Forty years ago, this Nation made a commitment to provide for fair access to housing throughout the United States with the enactment of the Fair Housing Act. The original Act, passed only days after the assassination of Dr. Martin Luther King, Jr., made it illegal to discriminate on the basis of race, color, national origin, or religion in the sale, rental or financing of housing. On several occasions since that time, we have reaffirmed and expanded our country’s dedication to the principle of fair housing, extending the Act’s protections to include sex, disability, and familial status and providing for much-needed enforcement tools.
In April 2008, which the President has proclaimed National Fair Housing Month, we celebrate the Fair Housing Act’s fortieth anniversary with a renewed commitment to achieving its goals. The right protected by the Act – to live wherever one wants and can afford – is at the heart of the American dream, and for 40 years we have striven to make that dream a reality for all Americans. The Department of Justice has brought hundreds of cases based on discrimination because of race, color, national origin, sex, religion, disability or familial status. We have required scores of landlords, real estate companies, builders, lenders and local governments to implement non-discriminatory policies and procedures. We have obtained millions of dollars of compensation for victims of discrimination. And we have convicted dozens of defendants who have threatened families by burning crosses outside their homes.
However, there is more work to be done. As we mark this anniversary of the Fair Housing Act and celebrate National Fair Housing Month, therefore, we re-dedicate ourselves to combating housing discrimination in all its forms, from home sales to apartment rentals, and from home mortgage loans to property insurance. More generally, we recommit ourselves to the principle that housing must be available to all Americans without regard to race, color, national origin, sex, religion, disability or familial status. Forty years ago, housing discrimination on these bases was often blatant, if not bloody. Today, covert, subtle discrimination is far more common. But the results are no less pernicious.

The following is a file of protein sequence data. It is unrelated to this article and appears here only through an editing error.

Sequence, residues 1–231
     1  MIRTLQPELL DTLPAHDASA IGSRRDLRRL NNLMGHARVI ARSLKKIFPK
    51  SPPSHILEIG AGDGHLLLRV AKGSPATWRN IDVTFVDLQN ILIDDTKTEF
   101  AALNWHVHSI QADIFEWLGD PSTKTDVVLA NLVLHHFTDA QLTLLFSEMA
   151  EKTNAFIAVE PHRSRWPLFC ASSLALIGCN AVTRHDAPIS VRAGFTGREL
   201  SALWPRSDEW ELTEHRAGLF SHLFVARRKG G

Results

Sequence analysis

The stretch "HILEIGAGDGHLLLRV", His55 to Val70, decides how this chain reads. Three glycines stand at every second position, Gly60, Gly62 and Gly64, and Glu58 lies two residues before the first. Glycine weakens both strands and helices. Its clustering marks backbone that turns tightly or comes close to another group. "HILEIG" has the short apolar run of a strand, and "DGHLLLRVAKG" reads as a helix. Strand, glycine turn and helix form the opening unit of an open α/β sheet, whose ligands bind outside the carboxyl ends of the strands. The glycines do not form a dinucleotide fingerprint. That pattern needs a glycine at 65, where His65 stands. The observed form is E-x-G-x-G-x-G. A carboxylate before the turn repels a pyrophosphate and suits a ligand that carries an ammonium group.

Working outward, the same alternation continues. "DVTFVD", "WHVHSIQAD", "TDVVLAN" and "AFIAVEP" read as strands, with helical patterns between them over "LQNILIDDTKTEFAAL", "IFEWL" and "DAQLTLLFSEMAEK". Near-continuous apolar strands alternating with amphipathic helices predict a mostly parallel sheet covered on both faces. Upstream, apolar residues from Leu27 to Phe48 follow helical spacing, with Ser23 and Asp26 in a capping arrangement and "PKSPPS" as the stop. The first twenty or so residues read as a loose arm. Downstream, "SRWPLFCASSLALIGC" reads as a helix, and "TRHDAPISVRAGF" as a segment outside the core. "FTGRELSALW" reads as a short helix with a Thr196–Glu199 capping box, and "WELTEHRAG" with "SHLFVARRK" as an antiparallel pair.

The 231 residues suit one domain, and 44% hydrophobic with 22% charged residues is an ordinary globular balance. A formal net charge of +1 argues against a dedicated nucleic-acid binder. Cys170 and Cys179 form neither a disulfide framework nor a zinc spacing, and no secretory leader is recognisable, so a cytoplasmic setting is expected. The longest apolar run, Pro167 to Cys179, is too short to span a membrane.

Two years ago, the Department of Justice launched Operation Home Sweet Home to combat the more hidden forms of discrimination prevalent today. Through improved and increased discrimination testing and public awareness efforts, the initiative aims to expose and eliminate housing discrimination in America. The results have been impressive. In Fiscal Year 2007, the Department conducted a record number of undercover housing discrimination investigations – 20 percent more than in any other year. In addition, we filed 30 lawsuits alleging unlawful housing discrimination, including the first case developed by our testing program that alleged housing discrimination against Asian Americans. In total during fiscal year 2007, we obtained settlements and judgments in our fair housing and fair lending cases requiring the payment of over $7 million in civil penalties and monetary damages to victims of discrimination.
On the criminal side, we have been similarly successful in using the Fair Housing Act to protect those who seek to live in their homes free from violence and threats. In the past five years, we have obtained convictions against more than 40 defendants who used burning crosses to intimidate others. We also recently secured convictions against two men who poured mercury onto the front porch and driveway of an interracial couple in an effort to drive them and their young children from their home. Such acts are not to be tolerated in our country.
President Bush has said: “As a Nation, and as individuals, we must be vigilant in responding to discrimination wherever we find it and ensuring that minority families have access to housing.” I commend the dedicated federal employees who work every day to pursue that goal. On this, the fortieth anniversary of the Fair Housing Act, we at the Department of Justice pledge to continue our quest to eradicate housing discrimination in this country.